Is Keto Safe for Breastfeeding Women? 👶

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Many mothers contact me after giving birth wanting to lose their pregnancy pounds (soooo over the maternity clothes, right?!) Every single nursing mother I speak with expresses concern over how eating a low-carb, high-fat ketogenic diet will affect her breastmilk supply. As a fellow nursing mama (that's right, friends - Irie turned 3 in December and is still nursing at least once a day), I want to take the time to explain what a ketogenic lifestyle will do to your breastmilk supply.

Let's all keep a few things in mind before we go any further:

  1. Cavewomen did not have access at all to refined carbs or sugar - very few carbohydrates at all, for that matter - and they were still able to breastfeed. (Don't believe me? Check the census report... 7 billion people in the world, all whose ancestors were cavemen and women!)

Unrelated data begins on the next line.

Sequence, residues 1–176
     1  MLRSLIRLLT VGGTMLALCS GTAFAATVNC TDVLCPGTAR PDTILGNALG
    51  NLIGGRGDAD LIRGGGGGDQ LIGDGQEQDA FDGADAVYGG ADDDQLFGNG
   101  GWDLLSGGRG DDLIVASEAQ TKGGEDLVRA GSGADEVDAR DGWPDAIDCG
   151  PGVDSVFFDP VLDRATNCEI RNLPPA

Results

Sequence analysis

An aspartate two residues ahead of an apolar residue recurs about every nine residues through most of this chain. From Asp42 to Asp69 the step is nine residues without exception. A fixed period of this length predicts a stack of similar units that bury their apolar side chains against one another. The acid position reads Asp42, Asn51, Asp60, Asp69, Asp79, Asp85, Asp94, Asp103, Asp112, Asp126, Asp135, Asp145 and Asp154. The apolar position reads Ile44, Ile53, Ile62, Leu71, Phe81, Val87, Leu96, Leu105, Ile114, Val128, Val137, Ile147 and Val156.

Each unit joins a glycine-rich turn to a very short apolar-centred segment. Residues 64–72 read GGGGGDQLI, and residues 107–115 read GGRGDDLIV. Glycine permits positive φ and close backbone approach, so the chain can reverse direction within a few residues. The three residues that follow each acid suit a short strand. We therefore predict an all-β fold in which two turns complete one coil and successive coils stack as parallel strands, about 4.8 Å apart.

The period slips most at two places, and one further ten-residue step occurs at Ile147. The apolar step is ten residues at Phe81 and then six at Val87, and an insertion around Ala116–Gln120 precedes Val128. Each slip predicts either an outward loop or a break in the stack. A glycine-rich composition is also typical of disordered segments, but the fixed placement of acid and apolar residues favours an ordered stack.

2. While I TOTALLY understand wanting to get back into your pre-pregnancy clothes, weight loss while breastfeeding need not be your primary goal. In fact, stressing over your weight will hurt your milk supply more than a change in diet. You'll get there, mama!
  3. I am providing you with the most accurate information available, and speaking from personal experience. I am not, however, a medical professional so if you are having issues with your body and breastfeeding before starting keto, please make an appointment and get checked out. Your baby's health depends on your health!
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Okay, back to the main topic: keto and breastfeeding.

All of your vital organs, including your brain, love running on ketones for fuel. Good news: your baby's do, too - from the very beginning! That sweet little fetus uses ketones in utero, and will continue using them immediately post-birth. Babies are born in a state of ketosis and remain there while being breastfed, as breastmilk is made up almost entirely of fat - mostly saturated fat! Babe will remain in ketosis until s/he is given formula and/or solid foods.